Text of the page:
Over the past five years, brand engagement firm Fuse has been monitoring Generation Z to explore teens’ views on cause marketing and the role it plays in communicating. In its initial 2015 study, teens were found to be concerned with more close and personal things like the quality of education and their own career forecasts, but by 2018, that had expanded greatly to include more globally minded causes such as racism, terrorism and the environment.
With the recent and dramatic shift in everyday life in the age of COVID—and the need that brands will have to re-engage teens in the coming months—Fuse endeavored to take a third look at Gen Z’s role as teen activists and conscious consumers. And the firm found that the top 5 concerns of teens have shifted significantly again over the last two years, with mental health now topping the list in 2020, followed by disease and famine—neither of which were noted as teen concerns in the previous studies.
Given the times, these results aren’t necessarily surprising, with as many as 1 in 5 young people suffering from mental illness even before enduring the social isolation and changes brought on by COVID-19. From a cause marketing perspective, companies like NBCUniversal, Adobe, and Google have been ahead of the curve in their recognition of the importance of mental health to teens—and it’s now more likely that other brands will begin to support mental health causes.
Top 5 concerns of today’s teens:
- Mental health
- Disease & famine
- The environment
- Jobs & unemployment
By comparison, the top 5 key concerns of teens in 2018 were: 1) Education, 2) Jobs & Unemployment, 3) Prejudice & Racism, 4) The Environment, and 5) Terrorism.
How teens are taking action
When it comes to activism, teens in 2020 are focused on educating their friends and family—a decidedly less assertive type of action than in previous studies. By comparison, in 2018, more than a quarter of respondents said they had “attended protests or rallies” or “boycotted a company” in the previous year. Among the respondents in the newest study:
- 32 percent recently educated family or friends about a cause
- 24 percent recycle regularly or take other action to live more sustainably
- 20 percent regularly donate or volunteer time to a cause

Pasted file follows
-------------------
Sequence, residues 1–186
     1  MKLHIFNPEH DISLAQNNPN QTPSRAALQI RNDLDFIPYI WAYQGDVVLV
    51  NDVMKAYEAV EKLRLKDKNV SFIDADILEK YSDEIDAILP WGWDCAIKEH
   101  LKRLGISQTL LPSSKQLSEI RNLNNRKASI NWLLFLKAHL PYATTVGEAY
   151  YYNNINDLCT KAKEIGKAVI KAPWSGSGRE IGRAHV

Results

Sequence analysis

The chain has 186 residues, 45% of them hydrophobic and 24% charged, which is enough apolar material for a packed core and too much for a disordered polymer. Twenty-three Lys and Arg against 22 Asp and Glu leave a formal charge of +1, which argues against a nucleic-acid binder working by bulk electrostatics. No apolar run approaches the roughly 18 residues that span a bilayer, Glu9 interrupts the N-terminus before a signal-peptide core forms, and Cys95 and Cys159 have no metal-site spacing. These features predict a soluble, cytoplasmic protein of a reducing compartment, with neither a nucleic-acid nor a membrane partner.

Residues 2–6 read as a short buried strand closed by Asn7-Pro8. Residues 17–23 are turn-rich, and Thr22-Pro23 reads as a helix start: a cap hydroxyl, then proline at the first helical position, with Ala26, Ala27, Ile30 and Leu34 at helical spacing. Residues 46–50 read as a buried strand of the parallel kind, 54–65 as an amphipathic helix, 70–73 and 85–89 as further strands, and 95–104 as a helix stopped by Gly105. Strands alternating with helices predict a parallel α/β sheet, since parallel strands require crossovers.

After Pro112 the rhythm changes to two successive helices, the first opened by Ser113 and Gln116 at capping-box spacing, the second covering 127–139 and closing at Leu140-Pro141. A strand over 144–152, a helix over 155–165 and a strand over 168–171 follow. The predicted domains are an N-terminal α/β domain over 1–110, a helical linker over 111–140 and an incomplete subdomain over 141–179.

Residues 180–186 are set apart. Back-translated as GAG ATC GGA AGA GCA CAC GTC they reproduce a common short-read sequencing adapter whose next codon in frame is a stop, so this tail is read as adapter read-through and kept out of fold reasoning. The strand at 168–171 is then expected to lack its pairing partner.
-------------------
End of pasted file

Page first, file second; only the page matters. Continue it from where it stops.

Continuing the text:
- 4 percent have boycotted a company
Teens say companies have a role in solving social issues
Teens’ views have shifted on who has an obligation to solve social issues. Teens feel that individuals (51percent) and the government (39percent) have the primary responsibility. While less than 10percentof teens say corporations should play a role in solving social issues, 77percentof teens say they are more likely to purchase the products of the companies that do.
When it comes to corporate social activism, 85percentof teens expect brands to donate money to a cause, and communicate their support in their marketing and advertising campaigns.
Which brands’ cause marketing efforts resonate most with teens today?
In past studies, this list included Ben & Jerry’s, Walmart, McDonalds, Chili’s Bar & Grill, Microsoft and the NFL. In 2020, these brands and their cause marketing efforts are getting teens’ attention:
- Tom’s Shoes, a company whose entire business model represents cause marketing, pioneering the “one for one” giving model in their ongoing support for children’s health, continues to broaden their efforts to include causes like sight, water, homelessness, mental health, equality, ending gun violence and more
- Patagonia, a company known for their ongoing support to protect the environment, recently closed their stores and offices on September 20, 2019 in support of the Global Youth Climate strike, highlighting prominent youth climate activists and asking their customers to get involved with a direct call to action to contact their government representative
- Starbucks, a brand known for their inclusive, personable and communal nature, continues to win teens over with their cause marketing initiatives, from donating proceeds to support non-profits, including $3 million to COVID-19 relief efforts, to their commitment to sustainability, completely eliminating plastic straws globally in 2020 by launching innovative strawless lids
Fuse surveyed 1,000 members of Generation Z about social activism to compare against data from 2018 and 2015.